A United States cargo aircraft headed for South Africa was impounded by Zimbabwean authorities on Sunday after a dead body was found on the plane.
Civil Aviation Authority of Zimbabwe, David Chawota, told Studio 7 by phone that the plane belonging to Western Global Airlines registered in Florida, United States, was impounded when a dead body was found on the plane.
Chawota said the plane, that was carrying millions of South African rands belonging to South Africa’s Reserve Bank, had stopped at Harare International Airport for refueling when blood was found dripping from the plane by ground handling staff at the airport.
South Africa’s ambassador to Zimbabwe, Vusi Mavimbela, confirmed to Studio 7 by phone that the cargo that was in the U.S plane was ordered from Germany and belonged to the South African government. He said two South African nationals are part of the six people that are being questioned by Zimbabwean authorities.
Pradeep Maharaj, the currency cluster group executive of the Reserve Bank of South Africa also issued a statement late this afternoon saying that his bank suspects that the dead body found on the plane carrying the bank’s cargo was a “stowaway passenger”.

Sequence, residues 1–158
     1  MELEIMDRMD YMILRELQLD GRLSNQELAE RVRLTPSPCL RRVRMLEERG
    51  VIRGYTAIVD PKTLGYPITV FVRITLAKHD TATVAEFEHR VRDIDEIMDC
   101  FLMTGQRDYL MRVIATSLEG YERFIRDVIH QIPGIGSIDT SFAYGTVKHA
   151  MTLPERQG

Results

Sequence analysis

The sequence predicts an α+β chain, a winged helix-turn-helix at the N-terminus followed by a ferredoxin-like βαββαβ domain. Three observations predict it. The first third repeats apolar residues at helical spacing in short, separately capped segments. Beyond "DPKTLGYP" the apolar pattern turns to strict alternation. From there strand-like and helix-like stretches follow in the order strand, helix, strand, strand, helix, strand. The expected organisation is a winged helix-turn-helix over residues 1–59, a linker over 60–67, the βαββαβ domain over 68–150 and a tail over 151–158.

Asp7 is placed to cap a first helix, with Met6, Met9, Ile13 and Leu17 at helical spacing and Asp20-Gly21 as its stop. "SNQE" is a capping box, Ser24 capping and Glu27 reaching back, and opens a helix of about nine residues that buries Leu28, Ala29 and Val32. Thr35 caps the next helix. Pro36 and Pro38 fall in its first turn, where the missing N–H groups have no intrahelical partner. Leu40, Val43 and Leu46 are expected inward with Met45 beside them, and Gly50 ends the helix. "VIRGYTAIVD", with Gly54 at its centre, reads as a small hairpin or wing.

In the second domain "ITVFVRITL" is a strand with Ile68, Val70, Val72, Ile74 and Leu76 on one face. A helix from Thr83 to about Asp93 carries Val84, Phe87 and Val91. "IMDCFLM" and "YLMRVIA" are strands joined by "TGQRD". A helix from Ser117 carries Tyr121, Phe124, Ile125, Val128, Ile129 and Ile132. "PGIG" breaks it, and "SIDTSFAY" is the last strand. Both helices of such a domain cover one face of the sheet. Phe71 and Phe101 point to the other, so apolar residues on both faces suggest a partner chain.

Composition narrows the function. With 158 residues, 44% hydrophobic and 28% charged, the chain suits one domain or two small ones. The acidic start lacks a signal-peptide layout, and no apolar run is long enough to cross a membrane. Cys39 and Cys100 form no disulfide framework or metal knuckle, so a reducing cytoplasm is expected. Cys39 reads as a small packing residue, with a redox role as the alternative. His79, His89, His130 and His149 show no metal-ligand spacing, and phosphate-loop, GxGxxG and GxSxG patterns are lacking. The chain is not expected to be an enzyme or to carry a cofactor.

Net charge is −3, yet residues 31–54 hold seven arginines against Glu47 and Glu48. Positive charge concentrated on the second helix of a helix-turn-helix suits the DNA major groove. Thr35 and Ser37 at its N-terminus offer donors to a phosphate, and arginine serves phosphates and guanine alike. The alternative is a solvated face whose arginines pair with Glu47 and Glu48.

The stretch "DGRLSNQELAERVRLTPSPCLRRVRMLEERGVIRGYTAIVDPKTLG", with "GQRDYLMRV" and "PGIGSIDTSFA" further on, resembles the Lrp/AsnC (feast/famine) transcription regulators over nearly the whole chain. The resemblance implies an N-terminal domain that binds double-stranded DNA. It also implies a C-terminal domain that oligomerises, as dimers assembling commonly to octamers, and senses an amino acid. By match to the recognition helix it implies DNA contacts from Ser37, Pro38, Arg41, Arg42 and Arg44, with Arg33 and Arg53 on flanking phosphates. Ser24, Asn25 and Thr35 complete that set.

Maharaj said his bank was making frantic efforts to ensure that its cargo was released and transported to South Africa immediately.
The police officer investigating the case, Crispen Makedenge, said he was busy working on the matter and referred all questions to police spokesperson Senior Assistant Commissioner Charity Charamba. At the time of going to air, Charamba said she did not have a full brief of the investigations so far.
However, some aviation sources told Studio 7 that the plane’s captain initially made a request to refuel the aircraft in Maputo but his request was turned down by Mozambican authorities.
The sources said the plane was then allowed to make a stopover at Harare airport when it was later impounded.
Meanwhile, Mavimbela told Studio 7 that the plane’s crew was not arrested but helping police with investigations. He added that the two South Africans who were on the crew were employees of the Reserve Bank of South Africa. Police sources others were two Americans and two Pakistanis.
At the time of going to air, foreign affairs minister Simbarashe Mumbengegwi had summoned the ambassadors of South Africa, USA, Pakistani and Germany for an emergency meeting over the issue. Mumbengegwi said he was in a meeting when contacted for comment.
In 2004, Zimbabwean authorities intercepted 64 mercenaries at Harare Airport enroute to Equtorial Guinea where they intended to stage a coup against that country’s president Theodoro Obainga Nguema Mbasogo.
In another story, three men have been arraigned before a Harare magistrate for stealing a phone belong to President Robert Mugabe’s son, Bellarmine Chatunga Mugabe. The trio was ordered to pay $100 bail by magistrate Vakayi Chikwekwe.